Energy & ATP

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Energy & ATP. Mrs. Stewart Honors Biology Central Magnet. Chemical Energy and ATP. The main chemical compound that cells use to store and release energy is called ATP (adenosine triphosphate ). Adenosine Triphosphate. - PowerPoint PPT Presentation

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Energy & ATP

Energy & ATPMrs. StewartHonors BiologyCentral MagnetChemical Energy and ATPThe main chemical compound that cells use to store and release energy is called ATP (adenosine triphosphate)

Adenosine TriphosphateAll energy must eventually be in the form of ATP in order for it to be used for cell metabolism. ATP is the energy "currency" of the cell. Why?

ATP is the only source of energy that the body can use.

Stored energy (e.g. fat, glycogen, creatine phosphate) must first be converted to ATP before the body can actually use it.

You bring 50 loads of laundry to a laundromat.

It will only take quarters.

It costs $5 in quarters per load

There is a change machine at the laundromat.

Are you going to carry $250 in quarters?

LaundromatHuman Systems


$1Glycogen, Blood Glucose

$100Stored Fat

Visa CheckcardProtein

Storing EnergyATP holds energy in the bond between the second and third phosphate groupATP is like a fully charged batteryStores enough energy for 8-12 seconds of intense exercise.

EnergyThink Pair ShareQ: How is the energy in ATP released?A: Break bond between the 2nd and 3rd phosphates

ATP vs. ADPATP has all 3 phosphate groupsFully charged battery Brief energy storageCan remove a phosphate group to release energy and form ADPADP has only 2 phosphate groupsPartially charged batteryCan add a phosphate group to make ATP

ATP AvailabilityMost cells only have enough ATP for a few seconds of activityWhy?Not good at storing energy over the long termGlucose stores 90 times the chemical energy of ATPCells generate ATP from ADP as needed by using the energy in foods (like glucose)$1 = glycogen/glucoseGlycogen/glucose is like having dollar bills that can be broken down to quarters in a change machine. Much greater capacity ($1) than carrying quarters. The human body stores ~350 g of glycogen, not enough to sustain long duration of exercise or a period of time without food.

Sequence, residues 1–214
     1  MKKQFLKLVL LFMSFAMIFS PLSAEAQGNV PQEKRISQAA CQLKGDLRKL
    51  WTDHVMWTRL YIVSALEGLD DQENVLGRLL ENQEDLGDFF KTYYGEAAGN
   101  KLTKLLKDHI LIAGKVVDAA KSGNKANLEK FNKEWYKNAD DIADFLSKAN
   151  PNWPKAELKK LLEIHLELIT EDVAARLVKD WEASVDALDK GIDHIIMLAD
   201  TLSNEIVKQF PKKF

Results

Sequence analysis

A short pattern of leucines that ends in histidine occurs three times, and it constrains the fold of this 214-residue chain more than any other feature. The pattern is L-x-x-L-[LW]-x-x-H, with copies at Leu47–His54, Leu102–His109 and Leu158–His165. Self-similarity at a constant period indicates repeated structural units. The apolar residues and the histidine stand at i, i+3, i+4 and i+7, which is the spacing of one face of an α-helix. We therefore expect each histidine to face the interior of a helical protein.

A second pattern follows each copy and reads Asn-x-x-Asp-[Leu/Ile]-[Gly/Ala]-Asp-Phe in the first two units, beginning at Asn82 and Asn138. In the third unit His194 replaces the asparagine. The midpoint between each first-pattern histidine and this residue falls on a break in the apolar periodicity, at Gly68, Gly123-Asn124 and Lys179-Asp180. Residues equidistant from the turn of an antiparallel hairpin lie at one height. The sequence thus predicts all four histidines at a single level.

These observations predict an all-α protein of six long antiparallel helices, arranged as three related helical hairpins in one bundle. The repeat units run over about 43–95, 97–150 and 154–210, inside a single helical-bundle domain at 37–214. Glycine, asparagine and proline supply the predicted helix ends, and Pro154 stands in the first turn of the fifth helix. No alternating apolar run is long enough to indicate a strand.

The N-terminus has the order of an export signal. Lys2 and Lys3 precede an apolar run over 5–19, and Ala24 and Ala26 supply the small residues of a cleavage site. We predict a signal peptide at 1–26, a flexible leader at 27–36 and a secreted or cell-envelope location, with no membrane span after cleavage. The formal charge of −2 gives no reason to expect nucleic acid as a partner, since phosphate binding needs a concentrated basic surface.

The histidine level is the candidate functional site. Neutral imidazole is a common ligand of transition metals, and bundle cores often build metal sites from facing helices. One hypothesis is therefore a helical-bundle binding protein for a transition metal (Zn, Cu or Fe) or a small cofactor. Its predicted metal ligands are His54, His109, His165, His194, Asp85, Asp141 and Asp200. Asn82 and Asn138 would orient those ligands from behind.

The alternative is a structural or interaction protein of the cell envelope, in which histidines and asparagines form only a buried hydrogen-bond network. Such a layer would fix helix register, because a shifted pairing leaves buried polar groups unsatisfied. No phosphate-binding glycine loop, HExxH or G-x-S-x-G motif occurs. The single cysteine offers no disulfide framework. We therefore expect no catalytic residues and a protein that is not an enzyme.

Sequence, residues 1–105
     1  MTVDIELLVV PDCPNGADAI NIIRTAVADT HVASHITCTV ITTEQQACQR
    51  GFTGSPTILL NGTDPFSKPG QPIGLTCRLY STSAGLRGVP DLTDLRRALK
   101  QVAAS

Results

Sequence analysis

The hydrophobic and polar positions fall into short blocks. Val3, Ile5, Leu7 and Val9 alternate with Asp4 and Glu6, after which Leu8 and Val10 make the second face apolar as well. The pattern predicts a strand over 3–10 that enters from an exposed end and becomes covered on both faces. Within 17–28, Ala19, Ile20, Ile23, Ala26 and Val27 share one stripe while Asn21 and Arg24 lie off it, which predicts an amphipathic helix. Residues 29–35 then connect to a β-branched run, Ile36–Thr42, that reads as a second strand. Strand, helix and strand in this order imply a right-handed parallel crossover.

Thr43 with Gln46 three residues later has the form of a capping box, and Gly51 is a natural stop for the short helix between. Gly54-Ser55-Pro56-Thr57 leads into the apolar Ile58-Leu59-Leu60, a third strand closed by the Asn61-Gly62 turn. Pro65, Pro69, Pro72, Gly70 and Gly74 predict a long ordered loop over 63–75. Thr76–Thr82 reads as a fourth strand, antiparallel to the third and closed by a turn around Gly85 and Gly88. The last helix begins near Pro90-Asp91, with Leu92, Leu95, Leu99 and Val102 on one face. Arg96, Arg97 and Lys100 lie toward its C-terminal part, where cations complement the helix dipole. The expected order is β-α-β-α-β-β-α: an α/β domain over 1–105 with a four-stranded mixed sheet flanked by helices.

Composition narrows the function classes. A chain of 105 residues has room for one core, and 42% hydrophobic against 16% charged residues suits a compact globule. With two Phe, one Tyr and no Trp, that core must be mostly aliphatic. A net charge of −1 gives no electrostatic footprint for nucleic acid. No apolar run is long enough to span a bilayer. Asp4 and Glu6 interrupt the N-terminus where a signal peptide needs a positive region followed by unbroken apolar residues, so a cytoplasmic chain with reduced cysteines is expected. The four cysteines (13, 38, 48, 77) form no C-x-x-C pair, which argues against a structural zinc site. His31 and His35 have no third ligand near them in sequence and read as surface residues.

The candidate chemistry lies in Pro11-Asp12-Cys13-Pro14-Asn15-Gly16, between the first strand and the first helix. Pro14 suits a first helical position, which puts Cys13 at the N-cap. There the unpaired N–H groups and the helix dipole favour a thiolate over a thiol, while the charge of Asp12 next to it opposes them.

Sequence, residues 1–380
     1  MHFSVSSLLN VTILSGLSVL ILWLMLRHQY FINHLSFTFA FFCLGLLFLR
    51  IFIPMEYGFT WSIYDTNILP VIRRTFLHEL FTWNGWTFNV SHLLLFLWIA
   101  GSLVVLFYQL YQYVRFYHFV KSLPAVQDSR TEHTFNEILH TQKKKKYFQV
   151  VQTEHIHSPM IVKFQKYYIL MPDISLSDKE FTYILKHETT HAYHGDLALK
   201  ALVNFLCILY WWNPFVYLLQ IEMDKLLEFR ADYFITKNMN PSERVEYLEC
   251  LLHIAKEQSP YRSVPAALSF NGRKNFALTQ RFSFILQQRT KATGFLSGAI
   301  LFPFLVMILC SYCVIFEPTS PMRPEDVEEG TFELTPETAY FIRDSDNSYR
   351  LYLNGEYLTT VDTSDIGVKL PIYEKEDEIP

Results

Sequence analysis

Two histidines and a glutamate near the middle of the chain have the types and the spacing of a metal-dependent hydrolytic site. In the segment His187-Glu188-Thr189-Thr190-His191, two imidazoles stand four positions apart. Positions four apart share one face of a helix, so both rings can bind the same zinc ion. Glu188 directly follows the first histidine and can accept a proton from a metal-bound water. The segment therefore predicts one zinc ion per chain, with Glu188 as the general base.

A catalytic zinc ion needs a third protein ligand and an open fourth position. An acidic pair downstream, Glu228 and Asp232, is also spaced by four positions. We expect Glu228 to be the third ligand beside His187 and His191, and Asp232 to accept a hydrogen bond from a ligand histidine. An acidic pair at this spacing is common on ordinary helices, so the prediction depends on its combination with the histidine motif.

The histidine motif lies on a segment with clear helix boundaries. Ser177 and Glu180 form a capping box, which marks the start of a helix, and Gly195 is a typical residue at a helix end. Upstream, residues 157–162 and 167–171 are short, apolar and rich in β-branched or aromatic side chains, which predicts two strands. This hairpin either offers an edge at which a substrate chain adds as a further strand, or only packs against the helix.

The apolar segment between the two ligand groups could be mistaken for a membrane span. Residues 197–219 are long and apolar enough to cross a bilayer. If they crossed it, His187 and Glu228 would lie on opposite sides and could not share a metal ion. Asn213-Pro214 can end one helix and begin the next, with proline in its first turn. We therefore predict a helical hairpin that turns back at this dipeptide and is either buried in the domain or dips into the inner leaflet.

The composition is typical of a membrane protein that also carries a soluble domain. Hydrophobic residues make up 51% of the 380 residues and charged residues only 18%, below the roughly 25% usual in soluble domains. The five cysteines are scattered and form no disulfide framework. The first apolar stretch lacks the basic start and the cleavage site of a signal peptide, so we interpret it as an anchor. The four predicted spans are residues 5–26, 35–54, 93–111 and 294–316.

$100 = Stored FatFat stores are the energy sources for rest and prolonged activity at lower levels of exertion. Breaking down fat is a SLOW process. Just like getting change for the $100 bill (in quarters) would take a while, mobilizing fat stores to be used to meet cellular energy demands also takes longer than using glucose or ATP.

VISA = ProteinWhen either carbohydrate intake or overall energy intake is low; proteolysis (the breakdown of protein mostly from lean muscle) provides energy for biologic work.

VISA: using protein as energy supplements the ATP, glycogen and fatty acids that provide the majority of the ATP.